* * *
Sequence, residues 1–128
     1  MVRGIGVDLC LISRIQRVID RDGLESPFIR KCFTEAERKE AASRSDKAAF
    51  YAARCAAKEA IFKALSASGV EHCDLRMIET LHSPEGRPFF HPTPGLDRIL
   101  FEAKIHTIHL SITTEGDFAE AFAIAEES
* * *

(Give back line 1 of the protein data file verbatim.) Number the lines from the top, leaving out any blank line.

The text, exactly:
Sequence, residues 1–128